Wednesday, February 28, 2024

Sports are more effective than medicine to cure diseases

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NEW YORK — Researchers are calling for exercise to become the primary approach to managing depression, with a new study showing that physical activity is 1.5 times more effective than counseling or approved leading drugs.

The research paper was published in the British Journal of Sports Medicine and is the most comprehensive review of 97 reviews, 1,039 scientific trials and 128,119 participants.

The results show that physical activity is very effective in improving symptoms of depression, anxiety and distress. Specifically, the study found that exercise interventions of 12 weeks or less were most effective in reducing psychiatric symptoms, highlighting the speed with which physical activity can make a difference.

The greatest benefits are seen among depressed people, pregnant and postpartum women, healthy individuals, and people with HIV or kidney disease.

According to the World Health Organization, one in eight people (970 million people) in the world suffer from a mental disorder.

Poor mental health costs the global economy $2.5 trillion annually, which is expected to rise to $6 trillion by 2030.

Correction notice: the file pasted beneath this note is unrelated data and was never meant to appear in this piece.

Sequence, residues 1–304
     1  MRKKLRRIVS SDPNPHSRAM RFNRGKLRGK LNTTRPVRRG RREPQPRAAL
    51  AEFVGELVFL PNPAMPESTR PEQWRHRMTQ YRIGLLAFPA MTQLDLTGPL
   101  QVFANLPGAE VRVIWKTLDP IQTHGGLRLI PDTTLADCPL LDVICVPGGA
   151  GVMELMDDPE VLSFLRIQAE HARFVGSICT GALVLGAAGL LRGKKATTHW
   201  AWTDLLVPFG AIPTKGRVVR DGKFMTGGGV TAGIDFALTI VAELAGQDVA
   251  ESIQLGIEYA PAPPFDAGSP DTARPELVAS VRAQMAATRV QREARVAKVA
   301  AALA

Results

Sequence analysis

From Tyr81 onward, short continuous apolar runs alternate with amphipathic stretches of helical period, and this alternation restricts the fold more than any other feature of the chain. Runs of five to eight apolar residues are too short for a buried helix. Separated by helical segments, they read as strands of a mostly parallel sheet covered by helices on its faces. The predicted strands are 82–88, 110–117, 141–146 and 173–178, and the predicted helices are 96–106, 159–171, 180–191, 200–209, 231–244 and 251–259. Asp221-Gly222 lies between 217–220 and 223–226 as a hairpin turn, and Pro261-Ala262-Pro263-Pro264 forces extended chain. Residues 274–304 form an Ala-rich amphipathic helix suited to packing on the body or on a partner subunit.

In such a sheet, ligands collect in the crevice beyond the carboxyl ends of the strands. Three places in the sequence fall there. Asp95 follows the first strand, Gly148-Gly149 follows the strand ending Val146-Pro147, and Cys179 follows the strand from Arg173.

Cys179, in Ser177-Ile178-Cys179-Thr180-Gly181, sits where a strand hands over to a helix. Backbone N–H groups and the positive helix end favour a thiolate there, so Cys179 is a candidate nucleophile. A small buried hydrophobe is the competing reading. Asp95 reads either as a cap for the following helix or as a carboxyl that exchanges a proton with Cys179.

UniSA lead researcher Dr Ben Singh said physical activity should be prioritized to improve the management of a growing number of mental health conditions.

Dr Singh explains: “Physical activity can improve mental health. However, despite the evidence, it is not widely accepted as a first-choice treatment. Our review shows that physical activity interventions can significantly reduce symptoms of depression and anxiety.” Show more symptoms. High-intensity exercise had greater improvements for depression and anxiety, while long-term exercise had smaller effects compared to short- and medium-term periods.”

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He continued: “We found that all forms of physical activity and exercise, including aerobic exercises such as walking, resistance training, Pilates and yoga, are beneficial. Importantly, research shows that you don’t need too much exercise to make a positive difference to your mental health.” “.

Lead researcher Professor Carol Maher of the University of South Australia says this is the first study to assess the effects of all forms of physical activity on depression, anxiety and stress in an entire adult population. He added: “Examining these studies collectively is a great way for clinicians to better understand the evidence supporting physical activity in the management of mental disorders. We hope this study will emphasize the need for physical activity, including structured. Exercise interventions as a primary approach to managing depression and anxiety.”

Nadia Barnett
Nadia Barnett
"Award-winning beer geek. Extreme coffeeaholic. Introvert. Avid travel specialist. Hipster-friendly communicator."

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